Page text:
Societally-defined and constructed archetypes of beauty are thrust upon us everyday. From social media to print ads to billboards and marketing campaigns, we digest other people's ideas of beauty all the time. Some of these ideas repeat throughout history and across media, creating a construct of beauty that we have seen time and time again: the outrageously attractive, fit white woman with nary a wrinkle or dimple in sight. This narrow construction misses the complexity and richness of the individual—reducing us to a singular plane of existence. It’s woman as object, and this reductive approach is archaic and damaging. Some women fit into the archetype on a purely physical level. The majority do not. Regardless of how we see ourselves reflected in these standards, they affect us. The data on this point is clear.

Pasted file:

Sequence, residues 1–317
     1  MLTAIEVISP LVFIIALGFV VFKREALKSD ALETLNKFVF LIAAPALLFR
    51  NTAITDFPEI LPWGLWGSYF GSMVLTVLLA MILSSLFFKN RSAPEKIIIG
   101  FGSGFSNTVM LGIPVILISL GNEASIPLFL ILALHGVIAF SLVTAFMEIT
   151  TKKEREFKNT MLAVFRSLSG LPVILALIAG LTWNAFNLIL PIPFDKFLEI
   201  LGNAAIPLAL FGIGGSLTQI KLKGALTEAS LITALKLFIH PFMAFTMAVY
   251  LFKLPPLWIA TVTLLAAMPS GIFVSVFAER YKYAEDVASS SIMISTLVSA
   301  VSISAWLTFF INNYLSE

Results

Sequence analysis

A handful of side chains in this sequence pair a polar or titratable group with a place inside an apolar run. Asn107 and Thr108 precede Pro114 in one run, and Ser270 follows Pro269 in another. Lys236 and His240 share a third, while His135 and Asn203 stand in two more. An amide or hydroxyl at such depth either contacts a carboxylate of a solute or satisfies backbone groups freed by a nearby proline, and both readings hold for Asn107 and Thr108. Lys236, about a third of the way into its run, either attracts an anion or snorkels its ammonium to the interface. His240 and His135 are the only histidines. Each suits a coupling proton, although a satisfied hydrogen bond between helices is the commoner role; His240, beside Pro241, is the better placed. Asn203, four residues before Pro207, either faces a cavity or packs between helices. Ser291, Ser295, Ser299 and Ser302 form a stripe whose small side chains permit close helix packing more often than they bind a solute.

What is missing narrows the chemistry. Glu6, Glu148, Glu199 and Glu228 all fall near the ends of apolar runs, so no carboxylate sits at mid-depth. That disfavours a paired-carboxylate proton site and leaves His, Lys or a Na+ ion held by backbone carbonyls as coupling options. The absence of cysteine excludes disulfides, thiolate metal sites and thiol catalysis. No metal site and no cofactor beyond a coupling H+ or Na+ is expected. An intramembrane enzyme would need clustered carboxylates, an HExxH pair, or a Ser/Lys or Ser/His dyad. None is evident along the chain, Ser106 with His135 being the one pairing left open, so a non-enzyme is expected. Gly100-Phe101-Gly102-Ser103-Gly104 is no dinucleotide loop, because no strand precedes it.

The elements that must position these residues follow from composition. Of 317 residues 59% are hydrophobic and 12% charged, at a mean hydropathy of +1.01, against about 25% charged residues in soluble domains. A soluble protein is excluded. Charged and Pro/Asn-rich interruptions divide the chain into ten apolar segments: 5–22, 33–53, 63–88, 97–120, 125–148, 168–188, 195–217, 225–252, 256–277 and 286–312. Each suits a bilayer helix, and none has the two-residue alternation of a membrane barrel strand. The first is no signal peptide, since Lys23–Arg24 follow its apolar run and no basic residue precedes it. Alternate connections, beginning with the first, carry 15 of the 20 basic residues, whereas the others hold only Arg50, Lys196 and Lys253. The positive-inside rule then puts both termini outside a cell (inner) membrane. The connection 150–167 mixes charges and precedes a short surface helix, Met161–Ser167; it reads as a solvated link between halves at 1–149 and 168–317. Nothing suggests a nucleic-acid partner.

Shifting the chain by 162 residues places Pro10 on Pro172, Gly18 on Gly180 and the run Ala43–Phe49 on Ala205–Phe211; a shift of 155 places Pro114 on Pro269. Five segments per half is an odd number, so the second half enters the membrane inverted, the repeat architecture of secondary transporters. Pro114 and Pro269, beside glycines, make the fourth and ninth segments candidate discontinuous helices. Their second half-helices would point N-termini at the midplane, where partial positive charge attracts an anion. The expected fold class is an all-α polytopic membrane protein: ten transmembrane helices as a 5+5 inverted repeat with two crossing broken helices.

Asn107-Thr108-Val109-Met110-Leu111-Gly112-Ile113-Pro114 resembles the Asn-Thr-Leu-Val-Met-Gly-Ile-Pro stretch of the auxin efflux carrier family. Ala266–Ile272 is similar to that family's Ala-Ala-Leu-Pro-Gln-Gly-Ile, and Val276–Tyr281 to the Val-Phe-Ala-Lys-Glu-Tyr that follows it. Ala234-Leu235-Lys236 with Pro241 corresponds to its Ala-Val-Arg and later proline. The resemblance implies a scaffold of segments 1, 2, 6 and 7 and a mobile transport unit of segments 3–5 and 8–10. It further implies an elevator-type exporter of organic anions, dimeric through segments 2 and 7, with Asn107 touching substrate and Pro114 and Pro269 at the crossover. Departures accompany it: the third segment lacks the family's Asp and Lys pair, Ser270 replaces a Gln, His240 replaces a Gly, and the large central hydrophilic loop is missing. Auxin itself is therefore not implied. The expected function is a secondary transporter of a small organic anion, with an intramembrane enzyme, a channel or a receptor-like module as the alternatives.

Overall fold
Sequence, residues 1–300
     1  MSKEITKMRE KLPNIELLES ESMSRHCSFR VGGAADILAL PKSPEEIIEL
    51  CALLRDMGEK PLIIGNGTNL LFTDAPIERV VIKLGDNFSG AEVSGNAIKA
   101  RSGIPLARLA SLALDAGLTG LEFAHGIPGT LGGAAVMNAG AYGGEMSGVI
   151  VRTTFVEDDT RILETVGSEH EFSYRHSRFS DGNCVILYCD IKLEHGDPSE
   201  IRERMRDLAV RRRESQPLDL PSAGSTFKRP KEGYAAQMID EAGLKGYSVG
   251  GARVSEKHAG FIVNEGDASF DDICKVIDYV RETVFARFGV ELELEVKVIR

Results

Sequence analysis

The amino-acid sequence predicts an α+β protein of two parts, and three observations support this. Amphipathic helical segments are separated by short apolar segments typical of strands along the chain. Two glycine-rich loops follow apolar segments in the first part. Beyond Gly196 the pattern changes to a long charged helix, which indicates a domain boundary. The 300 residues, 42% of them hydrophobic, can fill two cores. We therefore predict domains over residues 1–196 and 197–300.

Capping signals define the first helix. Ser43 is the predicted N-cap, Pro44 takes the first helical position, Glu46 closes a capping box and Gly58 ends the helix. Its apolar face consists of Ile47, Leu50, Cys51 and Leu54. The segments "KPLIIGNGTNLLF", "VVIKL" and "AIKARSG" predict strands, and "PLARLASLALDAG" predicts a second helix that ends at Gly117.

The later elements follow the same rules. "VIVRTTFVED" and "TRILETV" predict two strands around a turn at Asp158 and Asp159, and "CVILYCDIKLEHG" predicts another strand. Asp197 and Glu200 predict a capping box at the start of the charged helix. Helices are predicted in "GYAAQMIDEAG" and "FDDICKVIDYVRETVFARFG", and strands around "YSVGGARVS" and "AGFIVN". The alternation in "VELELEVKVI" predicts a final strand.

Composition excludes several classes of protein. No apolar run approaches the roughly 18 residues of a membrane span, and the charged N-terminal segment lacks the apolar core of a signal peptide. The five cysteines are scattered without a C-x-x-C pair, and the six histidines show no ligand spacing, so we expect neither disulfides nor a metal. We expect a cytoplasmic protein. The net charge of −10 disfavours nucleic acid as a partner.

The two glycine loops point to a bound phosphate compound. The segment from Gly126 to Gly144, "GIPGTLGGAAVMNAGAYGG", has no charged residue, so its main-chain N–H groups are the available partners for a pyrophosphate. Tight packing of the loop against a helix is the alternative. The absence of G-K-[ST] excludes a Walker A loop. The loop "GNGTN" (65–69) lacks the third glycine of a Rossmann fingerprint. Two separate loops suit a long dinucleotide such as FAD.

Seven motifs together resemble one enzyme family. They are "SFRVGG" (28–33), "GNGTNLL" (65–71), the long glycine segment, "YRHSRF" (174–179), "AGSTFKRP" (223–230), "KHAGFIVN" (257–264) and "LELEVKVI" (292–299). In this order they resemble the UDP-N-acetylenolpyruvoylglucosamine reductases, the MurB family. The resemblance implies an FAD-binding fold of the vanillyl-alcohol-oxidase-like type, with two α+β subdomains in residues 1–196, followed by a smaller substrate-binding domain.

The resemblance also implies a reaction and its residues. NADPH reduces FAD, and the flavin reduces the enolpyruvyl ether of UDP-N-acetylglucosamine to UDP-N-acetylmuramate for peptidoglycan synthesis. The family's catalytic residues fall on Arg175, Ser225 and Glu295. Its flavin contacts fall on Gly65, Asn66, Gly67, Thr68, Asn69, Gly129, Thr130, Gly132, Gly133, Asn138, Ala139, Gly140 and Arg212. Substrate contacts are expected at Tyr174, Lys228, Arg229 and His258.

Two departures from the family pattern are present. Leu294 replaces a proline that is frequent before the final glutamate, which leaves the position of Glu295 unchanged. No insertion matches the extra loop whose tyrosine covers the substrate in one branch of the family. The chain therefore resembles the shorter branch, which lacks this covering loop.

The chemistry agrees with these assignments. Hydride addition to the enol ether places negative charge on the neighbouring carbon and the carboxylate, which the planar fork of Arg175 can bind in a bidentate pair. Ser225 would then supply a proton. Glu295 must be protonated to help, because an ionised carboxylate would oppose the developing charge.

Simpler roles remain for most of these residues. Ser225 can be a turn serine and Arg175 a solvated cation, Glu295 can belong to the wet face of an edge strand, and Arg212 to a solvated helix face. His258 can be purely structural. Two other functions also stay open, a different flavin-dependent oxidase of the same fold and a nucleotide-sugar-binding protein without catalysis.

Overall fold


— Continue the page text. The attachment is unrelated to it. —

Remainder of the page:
No one is immune to this pressure and we all react to it in different ways. Some try to conform, whether that means changing their style of dress, doing their makeup a certain way, opting for surgical procedures or other enhancements, or more. For some people, this is as much an issue of mental and physical safety as it is soul-searching. Consider transwomen whose safety can be predicated on their ability to pass i.e. be correctly perceived as the gender with which they identify. Consider those with scars and other physical marks that affect their sense of confidence and self-worth—acting as triggers for trauma that they have been working to escape. Consider women who have never seen a representation of themselves in outdoor media and are simply looking for a sense of belonging.